Independence Pass near Aspen, Colorado

Last weekend I was invited on an unexpected road trip to Aspen “just to look around”. Yes, of course I’ll go! And, fortunately, I-70 out of Denver had so much traffic that the GPS routed us along Highway 82. This was fortunate because it led us through Independence Pass, a place I’d wanted to visit for a while now.

This picture – particularly the shape of the sign – reminds me, as so many I take around here do, of photos I’d seen as a child from relatives’ trips out West. Right?

I have a fascination with the Continental Divide, not sure why. It’s the line through the Rockies along the highest ridges that divides the rainfall into what will flow east to the Mississippi and what will flow west to the Pacific. I even mention it in my ESL podcast.

Because my friends hadn’t planned the route and I hadn’t counted on the road trip at all, all this was a delightful surprise. And a good opportunity to dig a little into the facts and history of the area.

Fact: It’s above the tree line and that means the terrain is classified as alpine tundra. The Independence Pass Foundation of Aspen looks after the environment there and tries to repair the damage to the tundra caused by the road and the many visitors.

Those bald peaks – I’m amazed I was standing above where Nature deems it too unfit for trees. For now, at least. You can see the definite treeline in this photo, as well as the switchback road we took to drive up:

Of course there is a scenic overlook where we stopped, apparently the highest spot. From the parking lot, there is a trail you climb a short way to the scenic overlook.

The man on the left in the above photo standing on top of the rock outcropping was shouting to the person taking his picture that he was on the highest spot. “I don’t think so,” said that person! Tourist.

Some people consider Independence Pass to be not just this high point on the Divide, but the whole stretch of the road between the winter gates, which are closed when the road is impassable. That’s a 32-mile stretch, and skiers have to come into Aspen from the west via I-70 during that time of the year. Incidentally, the road between the Pass and Aspen is only one lane in places. Yikes!

More facts:The first European to record the pass was Zebulon Pike – yes, of Pike’s Peak fame. Gotta love a name like Zebulon. It’s right up there with Jedadiah

Independence Pass was originally named Hunter’s Pass and was originally part of the Ute tribe territory. In fact, the highest point where we stopped was the boundary of European settlements before 1879; farther west was reserved for the Utes. (Is it wrong to hear Fred Gwynne’s voice in my head saying “Yute? What’s a yute?” from My Cousin Vinny?)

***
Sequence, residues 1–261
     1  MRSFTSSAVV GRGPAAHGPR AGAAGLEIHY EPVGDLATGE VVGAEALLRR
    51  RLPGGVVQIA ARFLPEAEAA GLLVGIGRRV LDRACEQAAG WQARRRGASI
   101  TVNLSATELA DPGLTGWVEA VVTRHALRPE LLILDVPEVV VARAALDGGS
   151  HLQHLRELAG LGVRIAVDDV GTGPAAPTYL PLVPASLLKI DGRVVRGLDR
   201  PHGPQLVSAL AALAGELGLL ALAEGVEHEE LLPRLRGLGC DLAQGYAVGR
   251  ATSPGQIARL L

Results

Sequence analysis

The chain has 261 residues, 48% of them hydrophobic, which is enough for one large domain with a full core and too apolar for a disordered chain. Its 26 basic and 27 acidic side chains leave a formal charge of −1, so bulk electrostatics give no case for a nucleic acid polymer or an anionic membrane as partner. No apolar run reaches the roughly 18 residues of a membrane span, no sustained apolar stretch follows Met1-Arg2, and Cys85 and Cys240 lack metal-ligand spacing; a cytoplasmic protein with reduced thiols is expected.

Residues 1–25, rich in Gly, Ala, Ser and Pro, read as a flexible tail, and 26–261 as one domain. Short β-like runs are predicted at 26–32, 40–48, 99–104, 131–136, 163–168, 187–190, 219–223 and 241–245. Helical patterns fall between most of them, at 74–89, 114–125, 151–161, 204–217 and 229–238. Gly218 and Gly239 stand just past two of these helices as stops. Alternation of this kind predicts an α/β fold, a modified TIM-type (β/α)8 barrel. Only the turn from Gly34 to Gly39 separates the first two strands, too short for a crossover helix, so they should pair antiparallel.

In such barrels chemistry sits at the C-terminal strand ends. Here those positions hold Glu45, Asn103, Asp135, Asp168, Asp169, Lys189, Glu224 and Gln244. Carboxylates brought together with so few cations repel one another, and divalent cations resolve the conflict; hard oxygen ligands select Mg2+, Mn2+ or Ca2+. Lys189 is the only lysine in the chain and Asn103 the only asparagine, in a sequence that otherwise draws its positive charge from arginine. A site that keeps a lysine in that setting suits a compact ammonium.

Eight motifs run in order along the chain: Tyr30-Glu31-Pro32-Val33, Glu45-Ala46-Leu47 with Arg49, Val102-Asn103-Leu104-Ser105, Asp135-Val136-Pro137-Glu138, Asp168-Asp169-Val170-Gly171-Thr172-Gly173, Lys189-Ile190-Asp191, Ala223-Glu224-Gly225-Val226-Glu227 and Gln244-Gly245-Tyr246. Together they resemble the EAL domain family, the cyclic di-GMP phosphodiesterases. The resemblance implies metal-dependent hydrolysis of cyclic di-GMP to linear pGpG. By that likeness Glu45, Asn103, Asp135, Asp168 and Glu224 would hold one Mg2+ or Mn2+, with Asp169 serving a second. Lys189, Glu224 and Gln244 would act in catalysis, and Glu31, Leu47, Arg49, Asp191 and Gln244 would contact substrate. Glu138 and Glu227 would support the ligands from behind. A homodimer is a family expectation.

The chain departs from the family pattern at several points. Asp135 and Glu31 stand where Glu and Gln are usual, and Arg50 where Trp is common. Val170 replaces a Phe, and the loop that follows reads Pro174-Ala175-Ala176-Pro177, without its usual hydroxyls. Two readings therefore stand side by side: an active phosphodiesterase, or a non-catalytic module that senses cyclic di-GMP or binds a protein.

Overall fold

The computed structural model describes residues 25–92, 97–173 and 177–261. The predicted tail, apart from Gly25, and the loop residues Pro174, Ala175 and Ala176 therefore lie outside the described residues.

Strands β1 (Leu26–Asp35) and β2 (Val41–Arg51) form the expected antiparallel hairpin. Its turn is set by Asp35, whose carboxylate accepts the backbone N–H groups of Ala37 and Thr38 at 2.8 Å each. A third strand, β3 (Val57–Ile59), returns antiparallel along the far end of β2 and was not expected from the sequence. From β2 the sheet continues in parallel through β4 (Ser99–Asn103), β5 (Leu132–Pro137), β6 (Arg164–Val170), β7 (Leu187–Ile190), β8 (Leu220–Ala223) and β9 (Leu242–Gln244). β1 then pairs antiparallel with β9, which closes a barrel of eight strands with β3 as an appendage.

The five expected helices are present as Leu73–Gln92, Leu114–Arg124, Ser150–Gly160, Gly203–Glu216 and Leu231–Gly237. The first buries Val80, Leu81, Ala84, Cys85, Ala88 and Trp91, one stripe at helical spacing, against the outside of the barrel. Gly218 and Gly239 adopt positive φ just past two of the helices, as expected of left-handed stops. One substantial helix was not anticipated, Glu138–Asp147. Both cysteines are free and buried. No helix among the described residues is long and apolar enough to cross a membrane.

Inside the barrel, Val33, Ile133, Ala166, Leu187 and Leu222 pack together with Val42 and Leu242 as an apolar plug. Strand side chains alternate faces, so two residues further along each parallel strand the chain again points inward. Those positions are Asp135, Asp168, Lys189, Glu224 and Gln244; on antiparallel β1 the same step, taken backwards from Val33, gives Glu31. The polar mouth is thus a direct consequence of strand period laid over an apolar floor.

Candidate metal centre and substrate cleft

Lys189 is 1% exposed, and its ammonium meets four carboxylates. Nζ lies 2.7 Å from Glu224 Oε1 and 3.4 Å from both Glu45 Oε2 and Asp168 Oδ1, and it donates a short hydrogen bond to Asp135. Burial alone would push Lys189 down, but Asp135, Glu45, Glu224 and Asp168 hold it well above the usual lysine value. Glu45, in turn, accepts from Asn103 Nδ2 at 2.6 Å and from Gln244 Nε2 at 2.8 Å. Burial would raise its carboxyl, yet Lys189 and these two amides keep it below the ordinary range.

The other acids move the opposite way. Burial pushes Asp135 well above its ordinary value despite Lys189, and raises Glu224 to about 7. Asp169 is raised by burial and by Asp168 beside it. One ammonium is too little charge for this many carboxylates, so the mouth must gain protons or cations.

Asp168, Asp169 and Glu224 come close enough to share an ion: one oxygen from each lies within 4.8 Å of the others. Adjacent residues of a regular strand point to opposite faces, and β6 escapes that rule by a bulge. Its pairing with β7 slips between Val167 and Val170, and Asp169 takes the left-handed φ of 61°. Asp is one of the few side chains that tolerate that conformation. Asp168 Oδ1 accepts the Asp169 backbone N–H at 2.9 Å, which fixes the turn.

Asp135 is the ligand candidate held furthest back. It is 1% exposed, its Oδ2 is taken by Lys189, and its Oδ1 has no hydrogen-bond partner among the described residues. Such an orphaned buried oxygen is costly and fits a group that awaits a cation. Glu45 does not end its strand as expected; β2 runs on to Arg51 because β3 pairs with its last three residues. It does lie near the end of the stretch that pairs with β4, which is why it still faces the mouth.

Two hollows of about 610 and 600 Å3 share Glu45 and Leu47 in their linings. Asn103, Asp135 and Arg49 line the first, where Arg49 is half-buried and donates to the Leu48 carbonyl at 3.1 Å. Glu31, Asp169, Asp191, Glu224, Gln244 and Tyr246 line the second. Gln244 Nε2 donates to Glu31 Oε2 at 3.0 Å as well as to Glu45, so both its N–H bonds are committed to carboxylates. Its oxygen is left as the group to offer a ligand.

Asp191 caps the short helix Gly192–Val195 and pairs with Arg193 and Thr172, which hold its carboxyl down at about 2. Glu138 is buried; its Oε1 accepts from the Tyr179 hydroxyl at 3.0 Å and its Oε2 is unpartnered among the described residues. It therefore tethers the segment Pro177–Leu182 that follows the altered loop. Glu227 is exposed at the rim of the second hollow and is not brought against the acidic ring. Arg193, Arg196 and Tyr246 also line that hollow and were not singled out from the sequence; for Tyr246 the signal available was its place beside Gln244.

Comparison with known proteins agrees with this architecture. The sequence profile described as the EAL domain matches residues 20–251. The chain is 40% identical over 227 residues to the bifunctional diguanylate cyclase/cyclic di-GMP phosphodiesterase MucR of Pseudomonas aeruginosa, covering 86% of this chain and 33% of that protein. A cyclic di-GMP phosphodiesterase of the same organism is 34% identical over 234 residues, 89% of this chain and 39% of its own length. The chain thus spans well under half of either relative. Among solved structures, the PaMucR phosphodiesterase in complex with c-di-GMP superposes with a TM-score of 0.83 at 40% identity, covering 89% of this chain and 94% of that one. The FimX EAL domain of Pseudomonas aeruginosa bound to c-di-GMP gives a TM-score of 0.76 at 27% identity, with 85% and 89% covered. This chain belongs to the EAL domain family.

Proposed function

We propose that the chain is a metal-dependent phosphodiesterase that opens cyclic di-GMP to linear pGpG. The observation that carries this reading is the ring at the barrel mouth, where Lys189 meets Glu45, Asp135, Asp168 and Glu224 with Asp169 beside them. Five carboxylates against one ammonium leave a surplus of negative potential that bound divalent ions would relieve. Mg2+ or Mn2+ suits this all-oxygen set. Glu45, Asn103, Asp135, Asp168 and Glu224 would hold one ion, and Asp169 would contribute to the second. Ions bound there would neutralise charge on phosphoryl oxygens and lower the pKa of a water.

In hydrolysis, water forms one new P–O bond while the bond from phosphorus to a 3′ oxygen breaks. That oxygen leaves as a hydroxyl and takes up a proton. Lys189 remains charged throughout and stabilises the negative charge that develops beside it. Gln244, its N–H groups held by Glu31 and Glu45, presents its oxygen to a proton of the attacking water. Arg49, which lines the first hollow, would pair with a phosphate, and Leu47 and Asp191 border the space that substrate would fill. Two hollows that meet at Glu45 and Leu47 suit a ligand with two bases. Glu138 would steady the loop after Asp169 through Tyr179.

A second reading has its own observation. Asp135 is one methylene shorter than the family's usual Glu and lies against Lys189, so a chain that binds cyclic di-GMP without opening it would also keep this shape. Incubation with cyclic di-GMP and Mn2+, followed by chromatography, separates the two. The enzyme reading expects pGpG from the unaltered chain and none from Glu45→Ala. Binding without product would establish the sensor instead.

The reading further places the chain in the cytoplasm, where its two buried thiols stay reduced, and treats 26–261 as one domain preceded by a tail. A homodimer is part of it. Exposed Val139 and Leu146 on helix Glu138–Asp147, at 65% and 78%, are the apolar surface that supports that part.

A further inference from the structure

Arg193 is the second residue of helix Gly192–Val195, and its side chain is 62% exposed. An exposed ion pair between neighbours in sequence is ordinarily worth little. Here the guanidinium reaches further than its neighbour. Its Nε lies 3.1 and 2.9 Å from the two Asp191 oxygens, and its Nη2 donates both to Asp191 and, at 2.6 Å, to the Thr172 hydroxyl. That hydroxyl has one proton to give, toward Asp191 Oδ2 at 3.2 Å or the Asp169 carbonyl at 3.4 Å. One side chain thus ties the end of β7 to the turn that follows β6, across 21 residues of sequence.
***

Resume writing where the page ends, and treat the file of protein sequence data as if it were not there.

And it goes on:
One of the peaks (to the east, but it was cloudy and couldn’t see the sun so I don’t know which one) is the highest in Colorado, Mt. Elbert. Elbert is the second-highest peak in the lower 48.

The pass is the highest elevation of a paved Colorado state highway, and fourth-highest paved road in Colorado. One of the others might be Trail Ridge Road in Rocky Mountain National Park, which I DROVE the previous weekend! White-knuckled adventures lately.

Speaking of white knuckles, rock climbers travel some of the unpaved paths from the overlook to the nearby peaks, backcountry skiers come out just before the winter gates are closed and just after they’re opened to traverse the snow fields.

Prospectors crossed the Continental Divide, against the law, on July 4, 1879 (greedy bastards), which is why it’s named Independence Pass now. There is also apparently a ghost town named Independence to the west. I didn’t see that, though. Plus there used to be a toll road through the pass until the railroad connected to Aspen in the early 1900s.

Here’s a shot from the path back down to the parking area:

The twin structures on the right are what they call vault toilets, which I had to look up. It’s a restroom design that’s basically a glorified porta potty built into a foundation in the ground. It doesn’t require any plumbing (because there is none) and is better for the environment. It’s engineered so that the airflow keeps the smell down. Most of the time. They cleverly put a topographical map on the restroom door with the elevation noted. You are here!
But back to the overlook:Don’t let the shorts and tee shirts fool you. At 60 degrees with a very chilly wind, it was frickin COLD up there! Also worth it.

I found the air very thin. I like to think I’ve gotten used to mile-high breathing, but this was more than twice the elevation of Denver! And I was out of breath climbing that small rise in the path, I must tell you. But totally worth it for those views!

Of course the overlook and pass are open 24/7 unless it’s winter. So I invite you to climb in your nearest 4×4 and head up into the Rockies for this stunning view. And you can also see things like a Harley rider sparking up a doob in front of the Independence Pass sign before roaring off down the mountain! Welcome to my state!

Photo for No Apparent Reason:

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